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Biased Noise Kerr-Cat Qubits for Fault-Tolerant Quantum Computing

by Shruti Puri

Submission summary

As Contributors: Shruti Puri
Preprint link: scipost_202107_00073v1
Date submitted: 2021-07-28 15:27
Submitted by: Puri, Shruti
Submitted to: SciPost Physics Lecture Notes
Academic field: Physics
Specialties:
  • Quantum Physics
Approach: Theoretical

Abstract

In this chapter I will introduce the bosonic Kerr-cat qubit which is encoded in a parametrically driven nonlinear oscillator. We will see that this qubit couples anisotropically with its environment which causes a structure or bias in the noise channel of the qubit. The structure of noise is preserved even during non-trivial gate operations which can be exploited for designing more efficient, fault-tolerant quantum error correcting codes.

Current status:
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Submission & Refereeing History

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Submission scipost_202107_00073v1 on 28 July 2021

Reports on this Submission

Report 1 by Jérémie Guillaud on 2021-10-28 (Invited Report)

Strengths

1- Introduction of bias-preserving X and CX gates for the Kerr-cat qubit encoding
2- Clear exposure of the interest of Kerr-cat qubits for error correction

Report

This work introduces the "Kerr-cat qubit", a bosonic qubit engineered by applying a two-photon drive to a Kerr-nonlinear oscillator. This introduction focuses on the biased noise structure inherited from the specific encoding of the qubit into coherent states far apart in phase-space, and on the interest of this noise bias for quantum error correction. Recent theoretical studies have established the interest of using such biased-noise qubits for quantum error correction to reduce the overall overhead, by tailoring the error correction code to the specific noise structure of the underlying qubits.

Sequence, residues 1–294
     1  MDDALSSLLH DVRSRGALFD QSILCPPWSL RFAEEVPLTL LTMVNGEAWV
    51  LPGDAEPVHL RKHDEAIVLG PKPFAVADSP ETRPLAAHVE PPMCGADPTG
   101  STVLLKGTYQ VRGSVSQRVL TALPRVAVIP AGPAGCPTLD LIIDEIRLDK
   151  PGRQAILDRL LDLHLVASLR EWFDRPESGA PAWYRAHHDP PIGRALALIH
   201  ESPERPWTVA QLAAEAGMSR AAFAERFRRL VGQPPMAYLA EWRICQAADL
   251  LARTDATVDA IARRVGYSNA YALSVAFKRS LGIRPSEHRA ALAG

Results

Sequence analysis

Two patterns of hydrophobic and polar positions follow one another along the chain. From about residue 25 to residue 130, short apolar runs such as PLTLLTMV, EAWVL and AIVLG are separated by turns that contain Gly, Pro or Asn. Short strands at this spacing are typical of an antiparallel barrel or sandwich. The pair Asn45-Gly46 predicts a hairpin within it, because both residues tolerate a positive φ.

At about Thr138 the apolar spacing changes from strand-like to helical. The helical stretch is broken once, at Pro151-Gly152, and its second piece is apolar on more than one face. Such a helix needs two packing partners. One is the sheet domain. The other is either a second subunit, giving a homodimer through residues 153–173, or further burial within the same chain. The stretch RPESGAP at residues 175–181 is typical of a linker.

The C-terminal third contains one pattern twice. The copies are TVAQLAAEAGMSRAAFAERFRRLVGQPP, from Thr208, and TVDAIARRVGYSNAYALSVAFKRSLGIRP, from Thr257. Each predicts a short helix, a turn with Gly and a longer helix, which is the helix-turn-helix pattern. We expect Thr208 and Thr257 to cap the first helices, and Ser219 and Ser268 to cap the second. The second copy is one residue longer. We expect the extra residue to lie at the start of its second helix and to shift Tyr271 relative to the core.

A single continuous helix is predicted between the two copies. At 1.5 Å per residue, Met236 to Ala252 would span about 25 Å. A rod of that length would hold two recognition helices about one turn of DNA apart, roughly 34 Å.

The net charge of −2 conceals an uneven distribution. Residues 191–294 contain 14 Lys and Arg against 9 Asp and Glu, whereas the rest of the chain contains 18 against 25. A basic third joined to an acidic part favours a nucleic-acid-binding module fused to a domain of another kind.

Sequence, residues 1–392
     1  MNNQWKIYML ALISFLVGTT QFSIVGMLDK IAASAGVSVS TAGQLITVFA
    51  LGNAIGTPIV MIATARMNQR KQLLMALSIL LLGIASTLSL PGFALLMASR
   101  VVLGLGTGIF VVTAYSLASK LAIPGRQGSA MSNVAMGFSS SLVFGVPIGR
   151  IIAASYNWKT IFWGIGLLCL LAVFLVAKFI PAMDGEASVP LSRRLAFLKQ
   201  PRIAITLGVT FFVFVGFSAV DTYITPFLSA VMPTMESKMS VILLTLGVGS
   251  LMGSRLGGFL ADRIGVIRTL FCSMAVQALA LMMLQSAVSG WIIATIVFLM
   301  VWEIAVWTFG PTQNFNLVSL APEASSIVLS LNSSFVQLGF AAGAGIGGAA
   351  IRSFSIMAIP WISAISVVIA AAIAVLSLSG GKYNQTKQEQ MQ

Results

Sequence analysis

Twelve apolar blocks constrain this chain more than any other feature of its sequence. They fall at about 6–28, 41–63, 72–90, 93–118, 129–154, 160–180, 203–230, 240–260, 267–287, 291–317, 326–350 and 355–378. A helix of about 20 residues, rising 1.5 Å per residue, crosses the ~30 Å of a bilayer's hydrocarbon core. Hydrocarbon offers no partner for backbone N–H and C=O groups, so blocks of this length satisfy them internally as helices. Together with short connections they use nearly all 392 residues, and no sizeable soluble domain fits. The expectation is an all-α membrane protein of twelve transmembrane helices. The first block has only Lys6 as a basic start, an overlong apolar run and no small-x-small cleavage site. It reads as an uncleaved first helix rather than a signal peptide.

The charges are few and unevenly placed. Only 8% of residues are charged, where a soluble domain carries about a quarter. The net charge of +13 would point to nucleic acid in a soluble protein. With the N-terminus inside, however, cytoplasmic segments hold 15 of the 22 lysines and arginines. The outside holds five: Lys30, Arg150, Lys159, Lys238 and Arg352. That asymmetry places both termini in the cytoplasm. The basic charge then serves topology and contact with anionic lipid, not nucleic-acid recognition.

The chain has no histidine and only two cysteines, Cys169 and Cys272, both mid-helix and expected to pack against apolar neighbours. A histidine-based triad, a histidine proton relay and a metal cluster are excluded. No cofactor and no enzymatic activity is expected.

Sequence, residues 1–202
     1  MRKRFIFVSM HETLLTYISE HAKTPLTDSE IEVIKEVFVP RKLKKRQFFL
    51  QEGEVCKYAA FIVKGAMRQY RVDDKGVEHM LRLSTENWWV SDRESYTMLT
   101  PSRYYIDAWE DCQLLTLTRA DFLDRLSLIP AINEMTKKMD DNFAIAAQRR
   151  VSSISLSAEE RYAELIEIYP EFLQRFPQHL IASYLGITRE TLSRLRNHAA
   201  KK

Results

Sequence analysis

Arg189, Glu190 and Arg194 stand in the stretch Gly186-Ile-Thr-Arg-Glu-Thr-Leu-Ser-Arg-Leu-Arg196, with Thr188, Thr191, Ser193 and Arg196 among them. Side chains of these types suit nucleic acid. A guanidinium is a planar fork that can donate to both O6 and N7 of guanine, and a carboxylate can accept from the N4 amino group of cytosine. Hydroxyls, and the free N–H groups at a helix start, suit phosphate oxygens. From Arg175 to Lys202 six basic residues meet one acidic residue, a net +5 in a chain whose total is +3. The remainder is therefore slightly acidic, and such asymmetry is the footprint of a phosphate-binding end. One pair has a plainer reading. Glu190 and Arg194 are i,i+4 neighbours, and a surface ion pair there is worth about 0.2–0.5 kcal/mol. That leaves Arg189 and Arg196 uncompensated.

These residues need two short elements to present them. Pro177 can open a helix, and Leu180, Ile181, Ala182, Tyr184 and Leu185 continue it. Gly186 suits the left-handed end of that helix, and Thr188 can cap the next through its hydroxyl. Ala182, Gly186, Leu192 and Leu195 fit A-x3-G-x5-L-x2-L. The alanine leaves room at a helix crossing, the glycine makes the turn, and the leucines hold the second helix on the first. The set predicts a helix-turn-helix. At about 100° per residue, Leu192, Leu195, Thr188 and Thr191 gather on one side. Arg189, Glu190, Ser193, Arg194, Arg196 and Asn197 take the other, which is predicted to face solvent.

Most importantly, this work introduces the working principle to realize some gates containing a Pauli X component (the X and CX gates), while preserving the structure of the noise. The ability to perform such gates in a bias-preserving manner is non-trivial and possible because of the bosonic nature of the Kerr-cat qubit. This is both original and of crucial importance to implement quantum error correction.

One minor point that could perhaps benefit from additional details is the analysis of the exponential suppression of bit-flips errors in section 4.2. It is argued that the leakage outside the code space induced by some error processes (typically those that contain an $\hat{a}^\dagger$ term) and its autonomous correction via some cooling process such as two-photon dissipation, cannot introduce non-exponentially suppressed bit-flip errors as long as only the first $p$ excited eigenstates of the Kerr-Hamiltonian are populated, with $p \leq \alpha^2/4$. This is because the energy degeneracy of the first $p$ pairs of excited eigenstates is exponentially suppressed with $\alpha^2$, such that the dephasing between the states of each pair (or equivalently, the resulting bit-flips on the codespace after the cooling process) is exponentially suppressed with $\alpha^2$.
From a practical point of view, this implies that, in order to remain in the regime where the bit-flips are exponentially suppressed in presence of error processes inducing leakage, the Kerr non-linearity cannot be made much larger than the rate of the cooling process, to ensure that only the first $p$ excited state are populated.
Given that the noise bias of the cat qubits, and the ability to tune this bias to very large values by increasing the mean number of photons, is a central assumption in many recent architectures proposed based on these qubits, I believe the paper would perhaps benefit from the addition of a discussion, or numerical evidence, that the typical Kerr-nonlinearity / two-photon dissipation rate achieved experimentally allow to access the regime of exponentially suppressed bit-flips.

  • validity: high
  • significance: top
  • originality: top
  • clarity: high
  • formatting: perfect
  • grammar: perfect

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